COSC422-19S2 (C) Semester Two 2019

Advanced Computer Graphics

15 points
15 Jul 2019 - 10 Nov 2019

Description

This course provides an in-depth knowledge of advanced algorithms and techniques used in several areas of computer graphics. The course covers a wide range of topics that have found applications in real-time rendering, animation, and game engine development.

COSC422 builds on the material introduced in COSC363 (Computer Graphics), and aims to provide a good understanding of advanced concepts in computer graphics such as OpenGL-4 shader programming, mesh processing algorithms, vertex blending and skeletal animation, quaternion transformations, advanced illumination models, non-photorealistic rendering methods, and acceleration algorithms.

Learning Outcomes

  • After successful completion of this course, students will be able to:
  • Understand, implement and analyze real-time rendering algorithms
  • Apply advanced illumination models to three dimensional scenes
  • Design and implement skeletal animation methods for character animation
  • Design animation sequences using quaternion transformations
  • Develop shader programs for advanced graphics applications
  • Explain the computational steps in the OpenGL-4 pipeline

Pre-requisites

1) COSC363 2) Subject to Approval of the Head of Department

Timetable 2019

Students must attend one activity from each section.

Lecture A
Activity Day Time Location Weeks
01 Tuesday 10:00 - 11:00 Ernest Rutherford 465 15 Jul - 25 Aug
9 Sep - 20 Oct
Lecture B
Activity Day Time Location Weeks
01 Monday 14:00 - 15:00 Ernest Rutherford 465 15 Jul - 25 Aug
9 Sep - 20 Oct

Course Coordinator / Lecturer

Mukundan

Assessment

Assessment Due Date Percentage 
Assignment One 23 Aug 2019 25%
Assignment Two 18 Oct 2019 25%
Final Exam 50%

Textbooks / Resources

Reference Books -
• A. Boreskov, E. Shikin, Computer Graphics: From Pixels to Programmable Hardware, CRC Press, 2014.
• R. Mukundan,  Advanced Methods in Computer Graphics, Springer, 2012.
• Tom McReynolds, David Blythe, Advanced Graphics Programming Using OpenGL, Morgan Kaufmann Publ. 2005.          
• Dave Shriener, OpenGL Programming Guide (8th Ed.), Addison Wesley, 2013.

Additional Course Outline Information

Grade moderation

The Computer Science department's grading policy states that in order to pass a course you must meet two requirements:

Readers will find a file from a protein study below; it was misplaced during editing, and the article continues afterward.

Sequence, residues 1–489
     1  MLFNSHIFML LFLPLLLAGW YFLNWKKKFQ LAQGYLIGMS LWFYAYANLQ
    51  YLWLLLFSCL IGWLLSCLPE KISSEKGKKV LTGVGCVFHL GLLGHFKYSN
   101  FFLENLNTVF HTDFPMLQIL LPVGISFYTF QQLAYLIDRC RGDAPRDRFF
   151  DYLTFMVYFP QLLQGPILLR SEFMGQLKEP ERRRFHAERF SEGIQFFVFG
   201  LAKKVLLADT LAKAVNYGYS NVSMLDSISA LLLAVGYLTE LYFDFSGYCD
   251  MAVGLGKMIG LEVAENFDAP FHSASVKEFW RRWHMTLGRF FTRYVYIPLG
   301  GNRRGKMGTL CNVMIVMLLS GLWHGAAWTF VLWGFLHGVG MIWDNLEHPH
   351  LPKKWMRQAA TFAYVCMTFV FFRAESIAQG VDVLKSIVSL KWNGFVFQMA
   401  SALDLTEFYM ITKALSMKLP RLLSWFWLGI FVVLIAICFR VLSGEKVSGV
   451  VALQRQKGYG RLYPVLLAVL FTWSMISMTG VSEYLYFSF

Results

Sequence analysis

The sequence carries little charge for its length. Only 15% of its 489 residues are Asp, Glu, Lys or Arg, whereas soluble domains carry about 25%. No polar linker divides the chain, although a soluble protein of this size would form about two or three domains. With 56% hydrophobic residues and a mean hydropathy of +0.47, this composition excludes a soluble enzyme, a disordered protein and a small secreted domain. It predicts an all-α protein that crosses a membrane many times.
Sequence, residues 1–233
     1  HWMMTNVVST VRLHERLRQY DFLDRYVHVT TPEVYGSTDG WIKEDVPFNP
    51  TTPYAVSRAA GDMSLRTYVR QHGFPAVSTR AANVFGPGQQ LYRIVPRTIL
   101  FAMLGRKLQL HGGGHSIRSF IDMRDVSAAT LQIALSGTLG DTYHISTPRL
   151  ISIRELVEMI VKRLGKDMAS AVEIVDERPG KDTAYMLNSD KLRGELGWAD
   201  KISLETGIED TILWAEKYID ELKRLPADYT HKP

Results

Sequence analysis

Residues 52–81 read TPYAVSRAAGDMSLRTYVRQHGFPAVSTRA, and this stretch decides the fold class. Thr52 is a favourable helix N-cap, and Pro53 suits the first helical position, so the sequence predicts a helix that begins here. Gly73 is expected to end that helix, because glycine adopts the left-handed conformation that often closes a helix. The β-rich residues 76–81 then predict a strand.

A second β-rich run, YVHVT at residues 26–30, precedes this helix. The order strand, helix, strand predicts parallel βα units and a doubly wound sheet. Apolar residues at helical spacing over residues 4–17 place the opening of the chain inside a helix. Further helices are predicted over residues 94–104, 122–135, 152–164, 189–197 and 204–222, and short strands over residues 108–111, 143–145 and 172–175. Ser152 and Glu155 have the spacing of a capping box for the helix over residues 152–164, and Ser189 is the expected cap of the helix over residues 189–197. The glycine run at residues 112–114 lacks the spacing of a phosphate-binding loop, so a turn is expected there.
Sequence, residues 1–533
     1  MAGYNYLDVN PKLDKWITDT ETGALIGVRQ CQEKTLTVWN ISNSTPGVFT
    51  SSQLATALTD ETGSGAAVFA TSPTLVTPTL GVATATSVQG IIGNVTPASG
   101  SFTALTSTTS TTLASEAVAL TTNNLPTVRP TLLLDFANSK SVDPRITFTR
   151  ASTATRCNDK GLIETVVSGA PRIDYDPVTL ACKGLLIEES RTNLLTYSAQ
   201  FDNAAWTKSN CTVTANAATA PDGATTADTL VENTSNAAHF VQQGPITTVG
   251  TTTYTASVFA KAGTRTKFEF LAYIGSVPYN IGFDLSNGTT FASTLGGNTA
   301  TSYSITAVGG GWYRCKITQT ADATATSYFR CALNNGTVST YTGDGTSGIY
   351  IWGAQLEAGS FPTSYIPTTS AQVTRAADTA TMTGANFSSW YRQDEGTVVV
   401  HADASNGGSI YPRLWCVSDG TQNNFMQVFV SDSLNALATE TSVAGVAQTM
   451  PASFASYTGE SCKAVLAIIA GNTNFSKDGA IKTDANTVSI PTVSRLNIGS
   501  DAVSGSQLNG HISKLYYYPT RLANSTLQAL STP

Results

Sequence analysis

1. You must achieve an average grade of at least 50% over all assessment items.
2. You must achieve an average mark of at least 45% on invigilated assessment items.
If you satisfy both these criteria, your grade will be determined by the following University- wide scale for converting marks to grades: an average mark of 50% is sufficient for a C- grade, an average mark of 55% earns a C grade, 60% earns a B- grade and so forth. However if you do not satisfy both the passing criteria you will be given either a D or E grade depending on marks. Marks are sometimes scaled to achieve consistency between courses from year to year.

Students may apply for special consideration if their performance in an assessment is affected by extenuating circumstances beyond their control.

Applications for special consideration should be submitted via the Examinations Office website within five days of the assessment.

Where an extension may be granted for an assessment, this will be decided by direct application to the Department and an application to the Examinations Office may not be required.

Special consideration is not available for items worth less than 10% of the course.

Students prevented by extenuating circumstances from completing the course after the final date for withdrawing, may apply for special consideration for late discontinuation of the course. Applications must be submitted to the Examinations Office within five days of the end of the main examination period for the semester.

Topics Covered

• Week 1:   Introduction to OpenGL-4 shader stages
• Week 2:   Tessellation and Geometry shaders
• Week 3:   Shader Applications: Point Sprites, Terrain Rendering
• Week 4:   Non-Photorealistic Rendering
• Week 5:   Image Based Rendering
• Week 6:   Advanced Illumination Models
• Week 7:   Mesh Processing: Data structures
• Week 8:   Mesh Processing Algorithms: Subdivision, Smoothing, Morphing
• Week 9:   Quaternions, Spherical Interpolation
• Week 10:  Skeletal Animation:  Vertex Skinning, Vertex Blending
• Week 11:   Forward and Inverse Kinematics
• Week 12:   Physics Based Models: Fluid Simulation

Indicative Fees

Domestic fee $1,002.00

* Fees include New Zealand GST and do not include any programme level discount or additional course related expenses.

For further information see Computer Science and Software Engineering.

All COSC422 Occurrences

  • COSC422-19S2 (C) Semester Two 2019